As more people continue to move to urban areas in search of job opportunities and improved standard of living, there is increasing need for health systems to adapt and become more responsive to the needs of these workers and their families and communities. Bangladesh is the fourth largest exporter of ready-made garments in the world, employing four million workers in urban factories. Eighty-five percent of these workers are women who need access to quality sexual and reproductive health information and services but have a hard time accessing them due to their strenuous and inflexible work schedule. CARE Bangladesh set out to address this issue in two garment factories in collaboration with GlaxoSmithKline and Marks & Spencer by establishing a comprehensive and sustainable model for health service delivery inside the factories themselves.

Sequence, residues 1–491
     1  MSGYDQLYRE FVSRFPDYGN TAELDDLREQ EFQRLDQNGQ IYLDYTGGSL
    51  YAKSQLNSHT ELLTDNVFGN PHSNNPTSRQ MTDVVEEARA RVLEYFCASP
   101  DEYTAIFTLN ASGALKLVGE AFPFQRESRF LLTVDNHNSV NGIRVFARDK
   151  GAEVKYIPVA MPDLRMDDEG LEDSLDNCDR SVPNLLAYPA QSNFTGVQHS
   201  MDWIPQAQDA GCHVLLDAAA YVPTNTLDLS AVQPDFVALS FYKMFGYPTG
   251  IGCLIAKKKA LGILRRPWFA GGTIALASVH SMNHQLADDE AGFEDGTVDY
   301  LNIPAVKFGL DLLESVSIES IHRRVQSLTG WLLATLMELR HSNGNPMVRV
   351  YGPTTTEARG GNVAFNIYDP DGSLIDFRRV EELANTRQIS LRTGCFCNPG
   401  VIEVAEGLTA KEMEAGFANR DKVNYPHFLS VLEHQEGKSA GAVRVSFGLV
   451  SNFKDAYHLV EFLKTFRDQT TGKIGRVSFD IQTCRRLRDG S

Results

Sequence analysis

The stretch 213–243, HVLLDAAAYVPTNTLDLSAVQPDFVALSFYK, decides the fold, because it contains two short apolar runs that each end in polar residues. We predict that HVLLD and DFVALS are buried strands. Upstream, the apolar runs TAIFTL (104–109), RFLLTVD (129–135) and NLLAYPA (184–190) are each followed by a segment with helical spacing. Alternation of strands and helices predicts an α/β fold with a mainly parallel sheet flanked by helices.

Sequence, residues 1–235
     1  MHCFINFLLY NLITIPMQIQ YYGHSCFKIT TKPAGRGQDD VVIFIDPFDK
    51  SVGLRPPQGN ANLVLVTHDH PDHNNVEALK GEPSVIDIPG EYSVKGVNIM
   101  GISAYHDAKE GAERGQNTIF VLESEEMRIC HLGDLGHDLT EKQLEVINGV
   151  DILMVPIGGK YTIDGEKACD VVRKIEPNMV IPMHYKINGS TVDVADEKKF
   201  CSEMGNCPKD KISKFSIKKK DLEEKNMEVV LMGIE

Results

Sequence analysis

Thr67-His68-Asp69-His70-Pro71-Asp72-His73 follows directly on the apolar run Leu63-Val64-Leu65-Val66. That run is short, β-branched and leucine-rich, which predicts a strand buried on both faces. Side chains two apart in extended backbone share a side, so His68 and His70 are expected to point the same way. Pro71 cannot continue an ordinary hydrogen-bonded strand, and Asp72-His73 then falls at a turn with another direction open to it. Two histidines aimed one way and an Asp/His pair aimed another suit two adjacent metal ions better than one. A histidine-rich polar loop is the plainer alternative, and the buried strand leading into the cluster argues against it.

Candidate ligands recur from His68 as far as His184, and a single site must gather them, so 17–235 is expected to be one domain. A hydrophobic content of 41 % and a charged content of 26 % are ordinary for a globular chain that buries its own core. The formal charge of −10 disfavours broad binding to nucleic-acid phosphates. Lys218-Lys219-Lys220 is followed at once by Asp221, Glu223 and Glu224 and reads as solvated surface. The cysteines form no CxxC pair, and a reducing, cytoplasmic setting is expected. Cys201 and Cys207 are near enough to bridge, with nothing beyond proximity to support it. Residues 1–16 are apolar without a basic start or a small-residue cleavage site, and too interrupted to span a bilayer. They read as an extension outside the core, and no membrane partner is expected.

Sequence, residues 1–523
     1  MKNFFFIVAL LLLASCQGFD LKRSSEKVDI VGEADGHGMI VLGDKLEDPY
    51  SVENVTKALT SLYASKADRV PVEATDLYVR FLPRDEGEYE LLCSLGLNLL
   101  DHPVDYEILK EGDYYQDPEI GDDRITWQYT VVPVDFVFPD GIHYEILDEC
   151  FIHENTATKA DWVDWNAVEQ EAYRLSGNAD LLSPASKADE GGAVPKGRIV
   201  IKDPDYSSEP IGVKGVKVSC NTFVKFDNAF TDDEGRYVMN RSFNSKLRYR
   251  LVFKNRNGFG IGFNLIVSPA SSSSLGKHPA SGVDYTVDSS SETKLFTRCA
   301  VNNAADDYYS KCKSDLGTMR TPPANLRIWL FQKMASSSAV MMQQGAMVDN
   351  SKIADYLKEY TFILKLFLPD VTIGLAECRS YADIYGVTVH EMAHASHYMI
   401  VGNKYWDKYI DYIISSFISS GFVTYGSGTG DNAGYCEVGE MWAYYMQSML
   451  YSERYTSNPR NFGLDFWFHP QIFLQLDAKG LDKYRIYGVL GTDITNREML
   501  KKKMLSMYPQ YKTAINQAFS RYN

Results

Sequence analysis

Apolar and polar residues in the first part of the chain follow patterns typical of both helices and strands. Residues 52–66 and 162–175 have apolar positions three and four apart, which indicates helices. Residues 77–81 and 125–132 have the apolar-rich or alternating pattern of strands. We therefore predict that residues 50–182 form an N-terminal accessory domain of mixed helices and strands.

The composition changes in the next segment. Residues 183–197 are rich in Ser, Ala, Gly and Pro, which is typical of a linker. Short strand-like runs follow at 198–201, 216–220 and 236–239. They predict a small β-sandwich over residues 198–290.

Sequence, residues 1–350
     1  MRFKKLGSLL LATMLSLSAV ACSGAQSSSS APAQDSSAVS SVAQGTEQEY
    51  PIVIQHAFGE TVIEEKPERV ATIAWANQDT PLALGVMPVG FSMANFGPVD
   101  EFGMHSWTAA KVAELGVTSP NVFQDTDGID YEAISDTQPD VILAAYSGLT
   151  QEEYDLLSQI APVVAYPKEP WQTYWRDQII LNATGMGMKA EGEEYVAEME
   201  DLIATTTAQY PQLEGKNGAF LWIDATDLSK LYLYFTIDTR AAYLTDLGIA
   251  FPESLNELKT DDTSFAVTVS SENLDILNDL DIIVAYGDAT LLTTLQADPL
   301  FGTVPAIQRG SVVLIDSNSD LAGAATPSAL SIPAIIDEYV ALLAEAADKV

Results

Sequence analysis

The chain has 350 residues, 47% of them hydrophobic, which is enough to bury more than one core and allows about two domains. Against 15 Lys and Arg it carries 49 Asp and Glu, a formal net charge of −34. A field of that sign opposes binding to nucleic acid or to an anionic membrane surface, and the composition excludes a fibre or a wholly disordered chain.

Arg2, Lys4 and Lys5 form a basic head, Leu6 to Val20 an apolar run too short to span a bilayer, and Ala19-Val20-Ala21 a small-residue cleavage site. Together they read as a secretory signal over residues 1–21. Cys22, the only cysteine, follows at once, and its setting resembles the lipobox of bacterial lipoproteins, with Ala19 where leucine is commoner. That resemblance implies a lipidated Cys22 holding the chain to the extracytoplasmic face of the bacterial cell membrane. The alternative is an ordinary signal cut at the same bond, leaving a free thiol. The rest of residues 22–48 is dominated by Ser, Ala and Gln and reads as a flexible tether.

In this segment, Dr. Jewel Alam Azad of CARE will discuss:
- barriers keeping urban-dwellers from accessing quality health services,
- challenges providers face in attempting to offer these services in urban settings,
- lessons learned from CARE’s health programs in two factories in central Bangladesh, and
- gaps and opportunities for urban reproductive health and family planning to address in the coming years.